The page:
At Southwestern, our students are encouraged to not only learn about history, but to actively shape and define it. With a highly interactive curriculum supported by exceptionally engaging professors, students develop their critical thinking through tools and practice that ready them for all walks of life.  Our courses are designed to help develop a broad and applicable understanding of the sweep and span of the globe’s historical, cultural, and governmental realities. We shed new light on the world’s current events by studying its origins in history, politics, and society, granting students the ability to not only anticipate what may come, but influence the outcome.

News & Events

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SWAU MOVES UP IN U.S. NEWS BEST COLLEGES RANKINGS

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SWAU HOSTS BONFIRE OF LIBERTIES EXHIBIT

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SWAU Announces New Wellness-Focused Quality Enhancement Plan

Programs

History (B.A.)

A degree in History is very pliable. It affords graduates an opportunity to get into a variety of careers, ranging from education and business to writing and public service. The most obvious choice for many History majors is teaching, either in SDA or public schools. While History paired with education courses and certification prepares students to teach, many will choose to also add graduate courses later. If you don't want to teach, a degree in History produces exactly the type of graduate the American and international business communities are looking for—people who can think about trends, explore options, and put initiatives into effect.

History, International Relations and Public Policy (B.A.)

This is the degree for students who like history, government, foreign affairs, and policy making, but who don’t necessarily want to teach. While the mix of topics in this degree may seem eclectic, it really is not. Political history is made of policy decisions, whether in the foreign policy realm or domestic. In this major, students get to study all types of policies at the federal, state, and local levels. Internships give them a chance to get actual experience in government, non-profit, NGO, and even political campaign situations. (And you never know, you might decide you want to teach!)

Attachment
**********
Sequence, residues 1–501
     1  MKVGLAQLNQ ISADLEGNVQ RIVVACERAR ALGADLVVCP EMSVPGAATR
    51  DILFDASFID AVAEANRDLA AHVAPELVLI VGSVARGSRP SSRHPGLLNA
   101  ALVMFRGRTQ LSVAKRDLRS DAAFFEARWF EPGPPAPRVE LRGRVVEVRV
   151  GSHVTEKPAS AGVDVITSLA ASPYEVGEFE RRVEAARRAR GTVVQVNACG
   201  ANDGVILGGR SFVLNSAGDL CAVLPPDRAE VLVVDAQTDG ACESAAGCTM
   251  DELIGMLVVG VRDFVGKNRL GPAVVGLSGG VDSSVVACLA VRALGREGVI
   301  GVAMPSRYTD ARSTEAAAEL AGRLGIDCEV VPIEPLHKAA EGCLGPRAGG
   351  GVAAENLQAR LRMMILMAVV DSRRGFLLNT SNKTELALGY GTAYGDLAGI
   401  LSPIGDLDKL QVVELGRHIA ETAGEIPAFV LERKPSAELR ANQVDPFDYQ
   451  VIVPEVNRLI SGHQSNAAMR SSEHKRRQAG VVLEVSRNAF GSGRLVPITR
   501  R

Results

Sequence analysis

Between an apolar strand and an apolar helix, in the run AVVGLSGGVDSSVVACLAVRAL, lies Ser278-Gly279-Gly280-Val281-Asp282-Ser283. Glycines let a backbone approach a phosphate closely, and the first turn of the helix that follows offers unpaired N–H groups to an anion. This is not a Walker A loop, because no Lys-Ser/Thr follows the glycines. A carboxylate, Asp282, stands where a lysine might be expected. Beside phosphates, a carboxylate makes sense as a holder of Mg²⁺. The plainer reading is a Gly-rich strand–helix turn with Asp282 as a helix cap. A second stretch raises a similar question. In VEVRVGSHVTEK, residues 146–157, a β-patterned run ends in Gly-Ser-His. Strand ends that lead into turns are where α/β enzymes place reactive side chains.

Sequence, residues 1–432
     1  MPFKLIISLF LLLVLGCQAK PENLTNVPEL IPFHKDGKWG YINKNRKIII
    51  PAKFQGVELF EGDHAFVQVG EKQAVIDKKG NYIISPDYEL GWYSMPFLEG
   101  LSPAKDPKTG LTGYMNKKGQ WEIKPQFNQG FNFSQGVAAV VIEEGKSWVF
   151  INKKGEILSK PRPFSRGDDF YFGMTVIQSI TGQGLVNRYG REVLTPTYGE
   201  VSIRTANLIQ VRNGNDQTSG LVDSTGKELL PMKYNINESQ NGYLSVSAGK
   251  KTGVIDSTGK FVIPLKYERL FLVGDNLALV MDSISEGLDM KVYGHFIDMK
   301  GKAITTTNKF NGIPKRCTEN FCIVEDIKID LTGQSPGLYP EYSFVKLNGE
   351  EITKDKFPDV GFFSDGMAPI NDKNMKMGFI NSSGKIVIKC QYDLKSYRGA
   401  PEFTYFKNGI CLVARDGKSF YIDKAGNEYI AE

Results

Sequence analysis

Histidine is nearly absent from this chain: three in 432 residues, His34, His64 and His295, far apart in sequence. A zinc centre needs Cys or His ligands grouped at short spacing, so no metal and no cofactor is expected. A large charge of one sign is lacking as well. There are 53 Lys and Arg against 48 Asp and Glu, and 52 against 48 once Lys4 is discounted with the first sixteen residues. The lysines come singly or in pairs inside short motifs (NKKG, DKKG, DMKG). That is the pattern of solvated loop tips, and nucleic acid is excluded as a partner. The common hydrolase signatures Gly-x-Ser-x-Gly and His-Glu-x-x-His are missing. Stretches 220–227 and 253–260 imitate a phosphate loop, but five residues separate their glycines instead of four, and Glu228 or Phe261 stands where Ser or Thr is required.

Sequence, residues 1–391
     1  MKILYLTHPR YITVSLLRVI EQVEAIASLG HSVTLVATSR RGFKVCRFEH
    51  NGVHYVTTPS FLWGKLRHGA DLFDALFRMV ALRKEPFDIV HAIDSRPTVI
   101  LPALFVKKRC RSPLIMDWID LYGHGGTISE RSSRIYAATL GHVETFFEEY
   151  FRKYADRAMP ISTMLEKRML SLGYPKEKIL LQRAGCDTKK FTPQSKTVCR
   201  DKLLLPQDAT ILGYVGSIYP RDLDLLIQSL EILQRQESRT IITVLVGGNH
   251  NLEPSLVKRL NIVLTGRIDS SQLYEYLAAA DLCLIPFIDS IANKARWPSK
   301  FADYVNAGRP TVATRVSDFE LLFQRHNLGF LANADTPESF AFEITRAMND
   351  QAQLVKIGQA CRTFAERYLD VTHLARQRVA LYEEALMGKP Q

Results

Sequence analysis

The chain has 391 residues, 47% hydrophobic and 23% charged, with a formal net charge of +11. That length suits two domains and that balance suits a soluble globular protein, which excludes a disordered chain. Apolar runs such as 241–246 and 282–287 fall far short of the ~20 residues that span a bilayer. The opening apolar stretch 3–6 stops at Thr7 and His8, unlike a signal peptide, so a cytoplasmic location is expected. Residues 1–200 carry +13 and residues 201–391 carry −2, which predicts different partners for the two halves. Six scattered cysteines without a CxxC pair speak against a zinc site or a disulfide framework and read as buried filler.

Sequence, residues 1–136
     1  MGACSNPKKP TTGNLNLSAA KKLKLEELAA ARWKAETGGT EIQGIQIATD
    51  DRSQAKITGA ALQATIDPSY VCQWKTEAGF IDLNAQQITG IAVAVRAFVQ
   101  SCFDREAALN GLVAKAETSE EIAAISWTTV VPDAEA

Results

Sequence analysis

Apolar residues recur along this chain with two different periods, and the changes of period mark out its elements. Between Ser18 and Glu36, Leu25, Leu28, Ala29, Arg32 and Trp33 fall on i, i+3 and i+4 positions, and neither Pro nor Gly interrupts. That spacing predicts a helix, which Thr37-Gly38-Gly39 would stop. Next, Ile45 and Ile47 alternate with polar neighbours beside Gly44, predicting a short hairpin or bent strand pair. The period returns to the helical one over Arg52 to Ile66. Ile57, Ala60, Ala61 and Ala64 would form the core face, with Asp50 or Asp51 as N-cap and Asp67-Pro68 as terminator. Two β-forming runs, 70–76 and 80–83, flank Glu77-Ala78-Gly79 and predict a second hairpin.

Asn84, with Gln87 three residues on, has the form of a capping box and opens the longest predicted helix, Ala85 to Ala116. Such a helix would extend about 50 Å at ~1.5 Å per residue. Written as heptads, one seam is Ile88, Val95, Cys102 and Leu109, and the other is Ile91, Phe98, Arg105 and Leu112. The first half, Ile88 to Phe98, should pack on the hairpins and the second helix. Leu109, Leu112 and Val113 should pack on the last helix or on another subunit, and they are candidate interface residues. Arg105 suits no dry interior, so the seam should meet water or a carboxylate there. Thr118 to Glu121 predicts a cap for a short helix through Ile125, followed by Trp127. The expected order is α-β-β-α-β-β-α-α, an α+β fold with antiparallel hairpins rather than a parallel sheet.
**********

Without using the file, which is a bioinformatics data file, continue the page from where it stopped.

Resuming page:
History (B.A.) (Secondary Teaching Area)

This is the "go-to" degree for students who love history and are sure they want to teach. It combines the traditional disciplines of history, historical research, and analysis with classes in education that focus on pedagogy, classroom management, and class preparation. Because history is a "social science," it is less constrictive than hard sciences in its classroom delivery, allowing room for a great deal of creativity in teaching. Note: students choosing this degree must also be accepted into the Education Program and consult with an Education Department advisor as well as a History advisor.

Social Studies (B.S.) (Secondary Teaching Area)

This a great degree for students who love history and the related fields of political science and government, geography, and economics and are also sure they want to teach. It combines classes in all of those disciplines with classes in education that focus on pedagogy, classroom management, and class preparation. Teaching the various fields of social studies allows room for a great deal of creativity in teaching. Note: students choosing this degree must also be accepted into the Education Program and consult with an Education Department advisor as well as a History advisor. 

Social Science (B.S.)

A Social Science degree from Southwestern is the lesser-known brother of the History degree. With concentrations in political science, economics and geography, as well as history, graduates with Social Science degrees can do everything those with History degrees can do—and more. Those multiple concentrations make Social Science degree holders especially attractive to a small school. Plus, a Social Science degree is the preferred degree for students wanting to go on to law school.

Your Future

Careers

Highly versatile, a degree in history or social science grants you the intellectual tools you need to succeed not only as a social studies educator - a profession that is currently growing at 13% per year in the U.S. - but as a public servant, a politician, a government worker or an expert in public policy, diplomacy, non-profit and non-governmental organizations and more.

Sample Job Titles

  • Teacher
  • Diplomat
  • Journalist
  • Politician
  • Author 
  • Analyst
  • Consultant
  • Editor

12
Number of places around the world you can study as part of Adventist College Abroad

Faculty Profiles

Steve Jones, PhD

History & Social Science
Professor and Department Chair
Email:

Elizabeth Bowser, MA

History & Social Science
Assistant Professor
Email:

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